Clay (right) and Russell Crosswhite with hunting gear belonging to Russell’s “Pops.”

Kitchen Tune-Up

Seeing God’s goodness in the midst of grief


     I’ve been reminded during the last few months how much I rely on stories for healing. Stories to make me laugh and many that bring me to tears. I believe God reveals His character to us through stories. We learn so much about who we are supposed to be, and what is to come, in the stories of the Bible. Jesus was a master storyteller throughout the gospels. Each of us has a story that God is writing that He calls us to share.


     My grief turns 25 years old this summer. It should be all packed up, starting a career and in its own place at this age, but it still holds a distinct part of my heart. If there’s one thing I’ve learned over the last 25 years, it’s that stories are often the most healing remedy for grief. Sometimes it’s stories of past memories, or maybe it’s others’ stories of grief and triumph. Stories are the legacy that those who we have lost leave behind as a blanket for times of pain.


     In a series of events that could only happen to our family of four, I found myself calling my mom and bargaining to clean out her storage room in exchange for her housing a set of Crosswhite kittens. Like all good moms do, she took my deal and, much to Clay’s delight, we found ourselves cleaning out a storage room with over 25 years’ worth of Haskins family junk memories.


     We hit the gold mine with a few of my dad’s tools. We also read pages and pages of a 1987 construction log just to give me a semblance of the man that I’ve really only come to know through others’ stories. We laughed when in February of 1987 he spent a week in Las Vegas and, strangely enough, the entire week he marked that it was “too rainy to work” in a town that gets an average of 4 inches of rain annually.


     Clay and Russell uncovered a jackpot of hunting supplies and tools, including a camouflage backpack. Russell played for hours with his new toy, and I heard Clay tell Russell all about what they can do now that they have this, and how Pops (what they call my dad) probably used these tools when he was hunting. They made plans to use Pops’ hunting stuff next time they were in the woods. I was taken back to words I have been singing over and over lately in so much uncertainty, as a reminder from God Himself:


I love Your voice

You have led me through the fire

In darkest nights

You are close like no other

I’ve known You as a father

I’ve known You as a friend

I have lived in the goodness of God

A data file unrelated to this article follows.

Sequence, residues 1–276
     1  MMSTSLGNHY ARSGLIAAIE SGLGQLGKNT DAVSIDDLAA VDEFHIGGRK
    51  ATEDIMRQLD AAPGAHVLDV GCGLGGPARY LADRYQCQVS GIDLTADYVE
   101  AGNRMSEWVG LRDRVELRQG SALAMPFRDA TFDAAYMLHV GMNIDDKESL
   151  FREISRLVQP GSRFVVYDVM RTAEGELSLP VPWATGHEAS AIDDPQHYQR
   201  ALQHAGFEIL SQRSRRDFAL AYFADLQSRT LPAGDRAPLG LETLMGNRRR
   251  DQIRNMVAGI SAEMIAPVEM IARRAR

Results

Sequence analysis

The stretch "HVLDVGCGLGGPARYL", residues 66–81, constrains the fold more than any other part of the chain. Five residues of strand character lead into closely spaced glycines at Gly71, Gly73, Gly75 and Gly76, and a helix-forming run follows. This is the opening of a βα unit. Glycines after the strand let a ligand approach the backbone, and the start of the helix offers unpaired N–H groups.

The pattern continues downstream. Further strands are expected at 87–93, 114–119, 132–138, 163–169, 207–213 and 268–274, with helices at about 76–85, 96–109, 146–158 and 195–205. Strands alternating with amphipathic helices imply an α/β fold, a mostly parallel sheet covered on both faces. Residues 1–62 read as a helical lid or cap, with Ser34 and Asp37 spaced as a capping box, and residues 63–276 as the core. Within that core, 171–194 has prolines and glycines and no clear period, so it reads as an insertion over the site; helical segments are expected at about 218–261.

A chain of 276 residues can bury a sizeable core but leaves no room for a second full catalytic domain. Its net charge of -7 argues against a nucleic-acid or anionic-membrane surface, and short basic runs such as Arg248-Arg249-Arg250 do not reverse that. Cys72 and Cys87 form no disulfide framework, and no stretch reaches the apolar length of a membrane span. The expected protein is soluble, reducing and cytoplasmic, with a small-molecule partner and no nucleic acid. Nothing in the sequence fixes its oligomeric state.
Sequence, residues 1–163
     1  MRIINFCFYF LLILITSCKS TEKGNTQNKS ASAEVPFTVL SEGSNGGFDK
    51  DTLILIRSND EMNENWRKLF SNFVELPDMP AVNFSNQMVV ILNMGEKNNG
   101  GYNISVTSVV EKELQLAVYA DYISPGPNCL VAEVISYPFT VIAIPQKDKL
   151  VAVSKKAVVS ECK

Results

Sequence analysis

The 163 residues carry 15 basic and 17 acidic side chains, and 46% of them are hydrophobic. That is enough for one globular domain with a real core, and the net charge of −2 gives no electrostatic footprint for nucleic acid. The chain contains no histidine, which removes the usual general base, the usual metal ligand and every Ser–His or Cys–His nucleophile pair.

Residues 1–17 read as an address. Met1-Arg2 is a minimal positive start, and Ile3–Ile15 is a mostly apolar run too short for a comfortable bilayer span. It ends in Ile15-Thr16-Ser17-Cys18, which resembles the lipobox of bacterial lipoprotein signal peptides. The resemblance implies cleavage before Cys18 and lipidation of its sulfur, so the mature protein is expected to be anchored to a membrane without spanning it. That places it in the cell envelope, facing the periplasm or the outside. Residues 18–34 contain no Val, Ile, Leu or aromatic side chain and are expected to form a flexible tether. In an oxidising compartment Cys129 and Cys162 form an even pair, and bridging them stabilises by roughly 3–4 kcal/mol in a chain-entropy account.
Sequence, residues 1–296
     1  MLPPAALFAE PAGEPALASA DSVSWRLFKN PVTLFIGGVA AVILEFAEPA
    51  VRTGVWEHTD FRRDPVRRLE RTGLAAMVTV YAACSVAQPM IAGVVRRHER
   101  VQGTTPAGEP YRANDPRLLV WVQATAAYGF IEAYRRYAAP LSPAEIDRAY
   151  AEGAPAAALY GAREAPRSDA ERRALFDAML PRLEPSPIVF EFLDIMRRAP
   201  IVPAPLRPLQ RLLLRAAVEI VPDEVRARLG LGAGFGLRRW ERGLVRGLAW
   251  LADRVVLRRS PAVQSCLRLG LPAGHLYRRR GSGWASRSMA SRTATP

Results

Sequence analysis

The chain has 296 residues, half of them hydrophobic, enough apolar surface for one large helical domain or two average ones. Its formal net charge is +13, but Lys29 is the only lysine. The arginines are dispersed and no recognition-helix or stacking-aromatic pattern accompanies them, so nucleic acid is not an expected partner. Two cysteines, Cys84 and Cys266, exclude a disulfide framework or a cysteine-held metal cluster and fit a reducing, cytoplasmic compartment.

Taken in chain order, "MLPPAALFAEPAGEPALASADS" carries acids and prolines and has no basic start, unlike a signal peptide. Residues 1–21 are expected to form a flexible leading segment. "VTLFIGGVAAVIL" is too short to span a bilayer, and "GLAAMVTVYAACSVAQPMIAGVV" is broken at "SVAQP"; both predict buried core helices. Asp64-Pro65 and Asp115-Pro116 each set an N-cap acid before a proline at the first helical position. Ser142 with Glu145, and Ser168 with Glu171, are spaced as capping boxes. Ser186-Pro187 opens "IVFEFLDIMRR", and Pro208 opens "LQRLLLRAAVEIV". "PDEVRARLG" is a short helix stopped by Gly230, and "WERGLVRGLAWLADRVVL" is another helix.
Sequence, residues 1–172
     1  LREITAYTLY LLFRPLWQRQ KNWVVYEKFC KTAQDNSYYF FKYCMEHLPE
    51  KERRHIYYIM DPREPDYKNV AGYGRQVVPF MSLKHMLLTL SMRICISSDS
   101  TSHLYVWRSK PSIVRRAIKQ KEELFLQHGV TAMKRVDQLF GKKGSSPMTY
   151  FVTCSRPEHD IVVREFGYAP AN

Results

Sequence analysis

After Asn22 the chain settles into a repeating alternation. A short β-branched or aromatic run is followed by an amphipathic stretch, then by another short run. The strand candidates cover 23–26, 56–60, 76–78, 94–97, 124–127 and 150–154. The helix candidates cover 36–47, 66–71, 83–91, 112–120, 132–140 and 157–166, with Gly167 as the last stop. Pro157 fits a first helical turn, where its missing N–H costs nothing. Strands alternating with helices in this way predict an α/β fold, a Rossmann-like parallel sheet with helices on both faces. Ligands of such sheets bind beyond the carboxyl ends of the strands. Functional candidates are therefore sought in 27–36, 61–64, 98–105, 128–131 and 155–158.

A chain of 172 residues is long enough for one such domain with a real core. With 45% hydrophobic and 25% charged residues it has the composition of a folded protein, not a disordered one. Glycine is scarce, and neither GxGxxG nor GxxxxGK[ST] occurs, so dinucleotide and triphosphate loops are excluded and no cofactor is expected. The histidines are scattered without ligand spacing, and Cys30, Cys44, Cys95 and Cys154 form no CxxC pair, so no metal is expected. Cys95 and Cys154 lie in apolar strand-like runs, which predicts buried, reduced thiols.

-from “Goodness of God” by Bethel Music


     My two favorite boys in the world, who will never know my father on earth, are now carrying on his legacy, and I realized in that moment that that was truly a gift from God. I also can share my dad’s legacy through my motherhood, in the way I love my children and share stories of their Pops.


     My prayers have shifted so much recently, and I hope they continue evolving as I grow into someone who sees God both as a Father and a Friend. I have always struggled with not just laying my requests before God as a Father, but developing a relationship with the Friend that I have in the Creator of the Universe. Asking to see the goodness of God regardless of the outcome, instead of asking for things to happen or not happen, has been transformative for me.


     One of the greatest symptoms of grief is the bitterness that can so easily entangle someone. It’s a battle not to let the what if? and not fair reign supreme in my thoughts, especially in times like this when we find ourselves celebrating fathers. But I am not fighting the battle alone: I have both a Father and a Friend in the fight. I have others’ stories of hope. I have God’s reminders and stories in His Word of triumph.


     I cannot change the fact that I will feel pain on earth, but I can beg to see the goodness of God rather than the bitterness. I see God’s goodness in watching my husband and son carry on my dad’s legacy. I hope we continue to seek the goodness of our Father and Friend in all circumstances.



Libbo Haskins Crosswhite and her husband, Clay, live in Madison and attend Pinelake. They have one daughter, Mary Thomas, who is 6 years old, and a son, Russell, who is 4 years old. She is the high school guidance counselor at Madison-Ridgeland Academy and can be emailed at

Pro-Life Mississippi